No, not really. I think there is enough going on, I am working with people who are amazing at what they do, and I just hope I keep working with talented people.

 

Speaking of the talent, you have worked with many talented people in the music and film industry. Is there anybody in particular that you would want to work with? For example, you have always said you admire Robert De Niro.

Absolutely! If that were to happen that would be amazing! Yeah sure, why not!

 

Who inspires you from the industry? Apart from Robert De Niro and Amitabh Bachchan.

Well there are so many people who have done such great work. I mean directors like Martin Scorsese, look at his career its incredible and there’s so many other people whether they are actors or directors the kind of work that is going on it is really inspiring. It is difficult to take names… I mean Meryl Streep she has done an amazing career and every film that she does you want to watch it and you know she will do something amazing in it, so she’s another person.

 

You are a big part of the industry, but whom and what are you a fan of?

My two biggest celebrities in my life are my two daughters, completely head over heels in fan love with them. They are the ones I am routing for and the ones I support.

 

Is there a book that you are a fan of that has not been adapted into a film or a Netflix series that you would watch.

A book that has not been adapted into a film and came very close is and would be been an incredible film was Shantaram, which somehow has not been adapted yet.

 

With the popularity of streaming services like Netflix, what do you think the future of cinema would be? Do you find it moving towards a digital audience away from silver screens?

There is something magical and powerful in the community experience which you can’t take away, you can easily sit and watch your favourite band on streaming service at home, but what is it that makes you go and watch them live in concert? But there is this energy generated when being with people and having a common experience and feeling the same emotions with absolute strangers and it’s so powerful for that to happen. And this is the same feeling that happens when you go into a movie hall, you laugh together, you cry together, get disgusted, scared and you are doing this entire thing with people you don’t know. So that feeling of sharing something as a community is very special I don’t think that will go away. Cinema has many challenges, especially in India, we need to have a lot more theatres, so people can access it a lot more easily, we are very far behind. Given the population that we have and the number of screens that we have its abysmal, that really needs to change, and there is a push for it right now, so I do hope the powers that we recognise that this is something of pressing concern in the industry because it affects us directly.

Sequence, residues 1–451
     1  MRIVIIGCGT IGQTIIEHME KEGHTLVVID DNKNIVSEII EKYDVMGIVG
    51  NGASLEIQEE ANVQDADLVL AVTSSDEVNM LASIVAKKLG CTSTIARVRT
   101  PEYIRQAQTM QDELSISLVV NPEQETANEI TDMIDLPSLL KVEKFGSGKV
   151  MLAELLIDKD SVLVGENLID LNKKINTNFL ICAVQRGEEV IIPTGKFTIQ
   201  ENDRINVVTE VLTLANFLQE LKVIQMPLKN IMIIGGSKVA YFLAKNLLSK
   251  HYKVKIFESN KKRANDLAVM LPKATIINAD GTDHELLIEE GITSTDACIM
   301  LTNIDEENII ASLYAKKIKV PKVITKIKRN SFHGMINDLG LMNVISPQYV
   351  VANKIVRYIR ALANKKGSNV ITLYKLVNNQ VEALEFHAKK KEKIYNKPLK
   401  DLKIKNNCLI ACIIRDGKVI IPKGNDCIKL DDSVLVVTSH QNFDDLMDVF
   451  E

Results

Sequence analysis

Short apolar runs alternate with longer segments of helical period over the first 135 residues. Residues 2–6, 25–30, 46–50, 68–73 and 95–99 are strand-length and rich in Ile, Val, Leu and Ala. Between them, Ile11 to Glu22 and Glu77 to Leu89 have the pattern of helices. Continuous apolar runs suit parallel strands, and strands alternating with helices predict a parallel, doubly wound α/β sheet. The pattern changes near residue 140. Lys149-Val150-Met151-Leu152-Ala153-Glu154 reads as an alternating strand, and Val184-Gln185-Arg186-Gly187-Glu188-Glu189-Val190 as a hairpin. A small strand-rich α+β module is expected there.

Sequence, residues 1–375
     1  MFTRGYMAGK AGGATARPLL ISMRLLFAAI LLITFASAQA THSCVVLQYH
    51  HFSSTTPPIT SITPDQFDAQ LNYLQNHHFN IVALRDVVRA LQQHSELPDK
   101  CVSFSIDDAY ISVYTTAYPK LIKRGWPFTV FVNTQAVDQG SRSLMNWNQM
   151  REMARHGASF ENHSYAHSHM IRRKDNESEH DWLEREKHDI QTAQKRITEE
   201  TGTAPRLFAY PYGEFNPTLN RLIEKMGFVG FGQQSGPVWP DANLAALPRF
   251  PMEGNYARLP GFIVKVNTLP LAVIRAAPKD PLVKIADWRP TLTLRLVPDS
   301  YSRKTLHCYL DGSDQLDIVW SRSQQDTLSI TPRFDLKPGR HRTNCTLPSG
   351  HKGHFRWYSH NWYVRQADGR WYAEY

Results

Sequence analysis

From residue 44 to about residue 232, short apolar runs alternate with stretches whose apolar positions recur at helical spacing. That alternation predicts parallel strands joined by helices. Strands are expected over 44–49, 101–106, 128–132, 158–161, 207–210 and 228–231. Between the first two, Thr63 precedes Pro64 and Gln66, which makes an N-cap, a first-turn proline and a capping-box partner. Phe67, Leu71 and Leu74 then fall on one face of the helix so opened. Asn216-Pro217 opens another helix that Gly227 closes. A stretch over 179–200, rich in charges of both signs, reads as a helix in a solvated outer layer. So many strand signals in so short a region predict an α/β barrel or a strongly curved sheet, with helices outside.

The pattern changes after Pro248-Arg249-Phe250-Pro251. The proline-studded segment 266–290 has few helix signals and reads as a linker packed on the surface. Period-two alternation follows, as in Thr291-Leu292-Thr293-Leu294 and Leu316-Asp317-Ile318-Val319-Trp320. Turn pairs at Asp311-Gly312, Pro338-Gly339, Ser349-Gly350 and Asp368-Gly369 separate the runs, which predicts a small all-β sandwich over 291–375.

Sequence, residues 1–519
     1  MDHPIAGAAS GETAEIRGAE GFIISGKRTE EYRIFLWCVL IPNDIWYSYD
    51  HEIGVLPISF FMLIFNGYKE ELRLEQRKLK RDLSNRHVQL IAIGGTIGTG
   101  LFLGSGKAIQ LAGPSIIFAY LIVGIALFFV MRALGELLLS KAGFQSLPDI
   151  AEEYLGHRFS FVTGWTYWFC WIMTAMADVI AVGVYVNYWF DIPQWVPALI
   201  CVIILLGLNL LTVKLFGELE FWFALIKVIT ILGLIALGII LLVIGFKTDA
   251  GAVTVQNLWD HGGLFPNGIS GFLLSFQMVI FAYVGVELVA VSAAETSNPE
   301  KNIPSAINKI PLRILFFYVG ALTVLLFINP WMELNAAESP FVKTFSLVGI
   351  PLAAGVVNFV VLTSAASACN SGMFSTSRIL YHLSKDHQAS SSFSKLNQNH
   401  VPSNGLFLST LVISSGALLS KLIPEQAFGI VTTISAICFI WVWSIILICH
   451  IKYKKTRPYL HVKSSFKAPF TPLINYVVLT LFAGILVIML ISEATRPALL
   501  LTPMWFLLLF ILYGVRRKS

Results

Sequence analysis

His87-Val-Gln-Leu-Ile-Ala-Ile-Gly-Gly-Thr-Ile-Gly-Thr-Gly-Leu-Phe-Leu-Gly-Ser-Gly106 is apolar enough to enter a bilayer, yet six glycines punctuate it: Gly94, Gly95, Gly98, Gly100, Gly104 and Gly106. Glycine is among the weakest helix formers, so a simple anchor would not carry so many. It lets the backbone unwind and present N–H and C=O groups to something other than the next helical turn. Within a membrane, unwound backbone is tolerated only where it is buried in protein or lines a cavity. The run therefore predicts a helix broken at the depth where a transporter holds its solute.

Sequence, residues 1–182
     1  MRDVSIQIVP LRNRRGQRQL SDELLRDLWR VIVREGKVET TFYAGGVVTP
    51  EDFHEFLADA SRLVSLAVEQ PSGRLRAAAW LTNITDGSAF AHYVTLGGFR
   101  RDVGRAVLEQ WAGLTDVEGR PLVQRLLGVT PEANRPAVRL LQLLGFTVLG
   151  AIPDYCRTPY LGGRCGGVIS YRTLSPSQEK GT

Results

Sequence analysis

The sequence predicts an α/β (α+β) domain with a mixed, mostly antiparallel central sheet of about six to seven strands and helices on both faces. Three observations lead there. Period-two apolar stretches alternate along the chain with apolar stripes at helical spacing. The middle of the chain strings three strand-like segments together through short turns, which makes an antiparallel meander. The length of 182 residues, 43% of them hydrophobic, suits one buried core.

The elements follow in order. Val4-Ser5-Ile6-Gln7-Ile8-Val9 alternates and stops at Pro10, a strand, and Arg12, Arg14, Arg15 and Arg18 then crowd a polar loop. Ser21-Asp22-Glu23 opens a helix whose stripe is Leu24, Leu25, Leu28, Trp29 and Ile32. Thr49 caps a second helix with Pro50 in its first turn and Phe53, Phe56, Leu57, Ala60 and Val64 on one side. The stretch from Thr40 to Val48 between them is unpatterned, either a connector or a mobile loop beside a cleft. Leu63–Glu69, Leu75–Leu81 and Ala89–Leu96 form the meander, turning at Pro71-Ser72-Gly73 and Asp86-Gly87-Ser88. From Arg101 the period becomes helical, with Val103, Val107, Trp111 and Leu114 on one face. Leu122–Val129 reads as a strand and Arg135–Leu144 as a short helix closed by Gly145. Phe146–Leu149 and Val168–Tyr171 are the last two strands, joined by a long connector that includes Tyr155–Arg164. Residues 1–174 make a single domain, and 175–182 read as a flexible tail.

Do you ever go to the cinemas disguised in India?

No, you don’t really have to go disguised – that is just for the story! You can go from the service side, they let the film stars sit down when it’s dark from the back and watch the film. You don’t have to do the drama of dressing up to watch the film or wear some disguise.